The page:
Suspension of judgement? 

30 October 2008

By suspending Ross and Brand, BBC boss Mark Thompson reveals himself a coward

No matter what Mark Thompson and other BBC executives say or do from now onwards in relation to the ongoing ‘Sachsgate’ crisis, there will always be someone somewhere who will judge and criticise the inevitable outcome. So is Mark Thompson putting in a flawless performance or are there just grounds for criticism in this case?

Given the immediate set of circumstances surrounding the furore, I feel that Mark Thompson’s decision to suspend the pair was the correct measure to take at the time, especially given the public interest shown in this incident, rightly or wrongly.

If Jonathan Ross and Russell Brand hadn’t been suspended, the political pressure for something immediate to be done – regardless of the nature and severity of this event – would have become overwhelming and Mark Thompson’s job would have immediately been on the line as a result.

Russell Brand was right to subsequently resign from his Radio 2 show given the set of circumstances, and the move ensures that his career and reputation will remain reasonably intact after the storm has passed. Brand’s annual salary (£300k, from memory) is a fraction of what Ross earns, so he has considerably less to lose by resigning.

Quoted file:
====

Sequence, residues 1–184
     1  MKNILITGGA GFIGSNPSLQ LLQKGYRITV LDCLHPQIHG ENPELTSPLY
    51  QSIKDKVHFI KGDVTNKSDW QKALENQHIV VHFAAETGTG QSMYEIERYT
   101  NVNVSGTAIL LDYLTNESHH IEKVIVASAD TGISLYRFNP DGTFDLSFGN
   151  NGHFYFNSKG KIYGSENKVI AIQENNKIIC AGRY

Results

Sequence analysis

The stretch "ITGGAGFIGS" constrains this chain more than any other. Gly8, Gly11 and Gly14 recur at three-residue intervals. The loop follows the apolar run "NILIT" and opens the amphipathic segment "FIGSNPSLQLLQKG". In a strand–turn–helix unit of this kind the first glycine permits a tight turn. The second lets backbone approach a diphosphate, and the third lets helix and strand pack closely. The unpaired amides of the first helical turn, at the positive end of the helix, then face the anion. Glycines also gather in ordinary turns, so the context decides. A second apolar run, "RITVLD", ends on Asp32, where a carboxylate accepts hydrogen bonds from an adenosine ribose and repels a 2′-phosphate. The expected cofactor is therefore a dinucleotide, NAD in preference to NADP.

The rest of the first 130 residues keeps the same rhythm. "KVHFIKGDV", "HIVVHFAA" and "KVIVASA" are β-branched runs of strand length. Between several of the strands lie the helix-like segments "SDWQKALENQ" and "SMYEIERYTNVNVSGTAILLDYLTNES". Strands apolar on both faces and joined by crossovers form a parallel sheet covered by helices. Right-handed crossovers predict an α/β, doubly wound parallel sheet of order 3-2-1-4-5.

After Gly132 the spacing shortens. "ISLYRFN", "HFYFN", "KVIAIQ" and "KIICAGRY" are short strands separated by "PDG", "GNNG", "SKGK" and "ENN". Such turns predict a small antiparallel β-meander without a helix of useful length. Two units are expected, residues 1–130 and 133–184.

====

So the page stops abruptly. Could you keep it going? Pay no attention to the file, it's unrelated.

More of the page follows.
But by resigning, Brand has now placed immense pressure on Jonathan Ross to follow suit, and since the stakes are much higher for Ross in terms of reputation and lost income (ITV for one thing may balk at offering the same sort of pay deal given the current economic climate), what happens next will be critical for all concerned.

Keeping Ross on board could prove to be immensely damaging for BBC management, especially given the very public criticism of Ross’s salary in the past (regardless of his public value), and although it’s arguable that Thompson has now boxed himself into a corner it’s perfectly possible to say that there was (and is) no alternative action to take.

So what now for Mark Thompson? It has to be said that the chain of command failure that led to the incident occurring in the first place highlights fundamental management communication weaknesses for which Thompson must surely take much of the blame for, especially since he was also in charge during the Crowngate incident.

Addressing those weaknesses ought to have been a top priority post-Crowngate, but it obviously appears that these fundamentals were not properly addressed and corrected throughout the corporation, and this management failure has now resulted in more potential problems (both short and long term) for the BBC.

Of course part of this problem can also stem from factors such as lack of resources (again attributable to BBC management) as well as the issues surrounding the use of independent production companies (another Crowngate weakness), and these factors are still very likely to remain unchanged whilst Thompson is still around.

From now onwards, Mark Thompson better turn in a flawless performance otherwise his judgment will inevitably have to be questioned by someone – in particular, the BBC Trust may end up being forced to question his ultimate performance – if the BBC is to avoid further direct criticism from politicians in the future.

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